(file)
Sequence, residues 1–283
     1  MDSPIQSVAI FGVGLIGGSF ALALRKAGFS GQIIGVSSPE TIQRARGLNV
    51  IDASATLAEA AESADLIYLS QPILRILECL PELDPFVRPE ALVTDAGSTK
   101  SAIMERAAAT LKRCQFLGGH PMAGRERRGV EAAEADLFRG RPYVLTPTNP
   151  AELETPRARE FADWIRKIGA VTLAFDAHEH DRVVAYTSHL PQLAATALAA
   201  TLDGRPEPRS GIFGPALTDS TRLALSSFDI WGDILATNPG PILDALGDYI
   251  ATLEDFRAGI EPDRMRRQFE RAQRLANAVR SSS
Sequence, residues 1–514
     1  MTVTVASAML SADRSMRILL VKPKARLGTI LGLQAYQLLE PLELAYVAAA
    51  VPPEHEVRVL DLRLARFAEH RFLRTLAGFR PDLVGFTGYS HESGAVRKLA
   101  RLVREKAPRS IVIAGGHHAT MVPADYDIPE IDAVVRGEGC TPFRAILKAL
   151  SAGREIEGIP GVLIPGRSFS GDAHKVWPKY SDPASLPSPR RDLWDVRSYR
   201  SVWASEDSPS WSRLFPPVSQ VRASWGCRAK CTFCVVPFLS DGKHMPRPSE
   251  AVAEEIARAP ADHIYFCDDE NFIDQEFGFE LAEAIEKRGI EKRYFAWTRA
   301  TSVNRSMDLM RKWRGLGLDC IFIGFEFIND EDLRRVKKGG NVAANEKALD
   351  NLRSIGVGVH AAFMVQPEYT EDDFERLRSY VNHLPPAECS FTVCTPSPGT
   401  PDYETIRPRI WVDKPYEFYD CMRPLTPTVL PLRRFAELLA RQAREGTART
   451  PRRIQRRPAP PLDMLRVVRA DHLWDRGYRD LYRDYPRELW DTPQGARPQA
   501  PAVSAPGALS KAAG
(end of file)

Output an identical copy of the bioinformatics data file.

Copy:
Sequence, residues 1–283
     1  MDSPIQSVAI FGVGLIGGSF ALALRKAGFS GQIIGVSSPE TIQRARGLNV
    51  IDASATLAEA AESADLIYLS QPILRILECL PELDPFVRPE ALVTDAGSTK
   101  SAIMERAAAT LKRCQFLGGH PMAGRERRGV EAAEADLFRG RPYVLTPTNP
   151  AELETPRARE FADWIRKIGA VTLAFDAHEH DRVVAYTSHL PQLAATALAA
   201  TLDGRPEPRS GIFGPALTDS TRLALSSFDI WGDILATNPG PILDALGDYI
   251  ATLEDFRAGI EPDRMRRQFE RAQRLANAVR SSS
Sequence, residues 1–514
     1  MTVTVASAML SADRSMRILL VKPKARLGTI LGLQAYQLLE PLELAYVAAA
    51  VPPEHEVRVL DLRLARFAEH RFLRTLAGFR PDLVGFTGYS HESGAVRKLA
   101  RLVREKAPRS IVIAGGHHAT MVPADYDIPE IDAVVRGEGC TPFRAILKAL
   151  SAGREIEGIP GVLIPGRSFS GDAHKVWPKY SDPASLPSPR RDLWDVRSYR
   201  SVWASEDSPS WSRLFPPVSQ VRASWGCRAK CTFCVVPFLS DGKHMPRPSE
   251  AVAEEIARAP ADHIYFCDDE NFIDQEFGFE LAEAIEKRGI EKRYFAWTRA
   301  TSVNRSMDLM RKWRGLGLDC IFIGFEFIND EDLRRVKKGG NVAANEKALD
   351  NLRSIGVGVH AAFMVQPEYT EDDFERLRSY VNHLPPAECS FTVCTPSPGT
   401  PDYETIRPRI WVDKPYEFYD CMRPLTPTVL PLRRFAELLA RQAREGTART
   451  PRRIQRRPAP PLDMLRVVRA DHLWDRGYRD LYRDYPRELW DTPQGARPQA
   501  PAVSAPGALS KAAG